Past events may spell default due to high fees, no co-signer
Sallie Mae claims to be the number one financial services company specializing in education, but one New York student has stood up to the company in order to alleviate what she believes to be an unfair fee.
When Stef Gray was 12 years old, both of her parents died. When she was 18 she, like most 18-year-olds, needed money for college. She took out private loans with Sallie Mae for the three years she attended school. When she graduated, she had three loans that she had to pay back. Each of these loans held almost 10 percent interest because she had no one to co-sign for her.
According to Sallie Mae spokesperson Patricia Christel, most loans have a co-signer, and the company actively encourages co-signers to help with payments.
Because Gray’s parents had died, she had no one to co-sign with her and had to make all of the payments herself. She had two years to find a job, and begin making these payments or else she would be charged a $50 forbearance fee per loan every three months.
“For our customers experiencing severe financial difficulty, we encourage customers to first take advantage of a modified repayment plan at no cost. For those customers who request forbearance to stop making payments but keep their account in an approved status, the fee is $50 per loan, up to a maximum of $150, for three months,” Christel said. “We ask for a good faith payment to emphasize the terms and long-term implications of their decision to use forbearance.”
Gray did not find a job in this two year grace period, and now has to pay the $150 fee.
“Yes, my debt is my responsibility and yes, I read the terms and conditions when I took out my loans but at 18 years old I did not have the working knowledge of a veteran debt employer. There is no way I could have known that Sallie Mae has spent millions to strip away vital consumer protection and financing rights that would have protected me from financial ruin,” she said.
According to Gray, the forbearance fee is not charged to those that hold federal loans through Sallie Mae, but is charged to private loans holders. These loans cannot be consolidated, and because Sallie Mae has a dual role as lender and collector they directly profit from this fee.
If she can’t make all of these required payments, then she must default.
A loan default occurs when a person cannot pay back a loan that they have taken out, whether it be a private or federal loan.
“Even if you do default, Sallie Mae will eventually get that money – whether it comes from garnishing wages or tax returns, and if you’re disabled they will garnish your disability check,” Gray said.
According to Sallie Mae, the private education loan defaults have been declining; however, if you do default, the repercussions may affect your future.
“If you default, you may never be able to buy a home, rent a car, buy a car or even get a job with 60% of employers that check credit when hiring,” Gray said.
It is this forbearance fee that prompted Gray to start her petition “Tell Sallie Mae: Stop the Unemployment Penalty Fee,” through change.org.
“Change.org is the world’s fastest-growing platform for social change,” said William Winters, the website’s senior organizer. “Students are no longer limited to simply have to sit back and deal with whatever a large corporation decides they want to impose.”
“I started the petition on change.org because I wanted Sallie Mae to stop charging me a $50-per-loan fee,” Gray said. “All I want here is for Sallie Mae to give the same rights and protection to its private loans customers that it guarantees free-of-charge to its federal loan customers.”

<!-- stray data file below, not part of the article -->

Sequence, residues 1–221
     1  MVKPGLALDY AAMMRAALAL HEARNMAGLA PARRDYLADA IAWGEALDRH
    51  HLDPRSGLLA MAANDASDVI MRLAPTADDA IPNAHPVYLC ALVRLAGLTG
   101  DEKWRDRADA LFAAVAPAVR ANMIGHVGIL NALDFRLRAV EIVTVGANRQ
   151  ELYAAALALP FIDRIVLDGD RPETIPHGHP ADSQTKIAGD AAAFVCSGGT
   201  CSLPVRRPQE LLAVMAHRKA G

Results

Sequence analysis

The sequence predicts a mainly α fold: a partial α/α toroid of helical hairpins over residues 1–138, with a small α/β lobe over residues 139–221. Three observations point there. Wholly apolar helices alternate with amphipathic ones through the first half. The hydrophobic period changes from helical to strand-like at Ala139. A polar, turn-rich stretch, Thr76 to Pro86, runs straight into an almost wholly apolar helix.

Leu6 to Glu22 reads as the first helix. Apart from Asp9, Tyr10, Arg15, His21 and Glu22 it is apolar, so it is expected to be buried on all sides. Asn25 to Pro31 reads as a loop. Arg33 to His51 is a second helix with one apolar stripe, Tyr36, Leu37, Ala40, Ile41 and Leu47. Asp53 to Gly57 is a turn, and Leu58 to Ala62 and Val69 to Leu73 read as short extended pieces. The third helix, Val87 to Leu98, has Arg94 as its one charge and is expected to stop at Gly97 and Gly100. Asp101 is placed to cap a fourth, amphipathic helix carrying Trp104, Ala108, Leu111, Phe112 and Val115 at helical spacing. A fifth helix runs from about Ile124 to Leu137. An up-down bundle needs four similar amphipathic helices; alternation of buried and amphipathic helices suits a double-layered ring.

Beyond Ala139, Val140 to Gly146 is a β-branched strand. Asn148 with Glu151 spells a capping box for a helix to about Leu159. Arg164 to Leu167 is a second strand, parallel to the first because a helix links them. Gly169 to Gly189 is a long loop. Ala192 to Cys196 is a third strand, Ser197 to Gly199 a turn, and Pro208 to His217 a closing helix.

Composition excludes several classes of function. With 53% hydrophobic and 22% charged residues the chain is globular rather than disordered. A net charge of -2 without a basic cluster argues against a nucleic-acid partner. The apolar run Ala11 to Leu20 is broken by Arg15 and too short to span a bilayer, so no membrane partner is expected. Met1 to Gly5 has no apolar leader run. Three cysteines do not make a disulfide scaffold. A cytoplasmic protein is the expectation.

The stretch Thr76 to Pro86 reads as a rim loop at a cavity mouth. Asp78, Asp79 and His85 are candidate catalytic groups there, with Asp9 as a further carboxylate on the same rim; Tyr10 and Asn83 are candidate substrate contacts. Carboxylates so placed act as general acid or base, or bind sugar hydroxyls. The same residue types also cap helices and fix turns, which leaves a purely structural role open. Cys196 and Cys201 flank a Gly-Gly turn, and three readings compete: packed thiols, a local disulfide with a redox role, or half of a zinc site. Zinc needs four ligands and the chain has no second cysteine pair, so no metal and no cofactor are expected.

The petition’s webpage shows that it has received more than 117,000 signatures from people in all 50 states across America, and has sparked some change in Sallie Mae’s policy regarding this fee.
“We have been giving careful consideration to our policy for some time, and we are changing it to apply the good-faith payment to the customer’s balance after they resume a track record of on-time payments,” Christel said. “This change will be retroactive for forbearances granted on or after Jan. 1.”
According to Gray’s petition’s webpage, less than three hours after Gray turned in 76,000 petition signatures to the Sallie Mae office in Washington D.C. the fee’s policy changed. While it is still being charged, it is now going toward student debt rather than to the company itself.
“I’m amazed that we’ve made this kind of progress against a financial behemoth like Sallie Mae,” Gray said, “but it’s also clear that their action wasn’t enough. It does nothing to help borrowers, like me, who are in real financial trouble.”
Gray encourages anyone looking to take out loans for school to ask as many questions as possible when doing so.
“Go to financial aid and look at materials and fact check them on everything. Ask about colleges’ default rate, and if the financial aid office receive benefits for promoting Sallie Mae,” Gray said.
“For families who need a private education loan, Sallie Mae offers among the lowest rates in the country and the most choices to help customers save money and pay off faster than a conventional private loan,” Christel said.
Anyone wishing to sign Gray’s petition may do so at change.org. Student debt stories can be submitted at occupystudentdebt.com.
“Sallie Mae always advises families to use a ‘1-2-3 approach’ to paying for college,” Christel said. “First, use grants and scholarships, second, explore federal loans, and, third, fill the gap with responsible private loans.”
“My story is not about me personally, it’s a cautionary tale. The student debt crisis is a big, hairy, tangled, awful mess,” Gray said, “I hope to bring it to light so people can live the life they want to live and follow their dreams like they were told to when they first went to college.”
By CHRISTINA CLARCK | The South End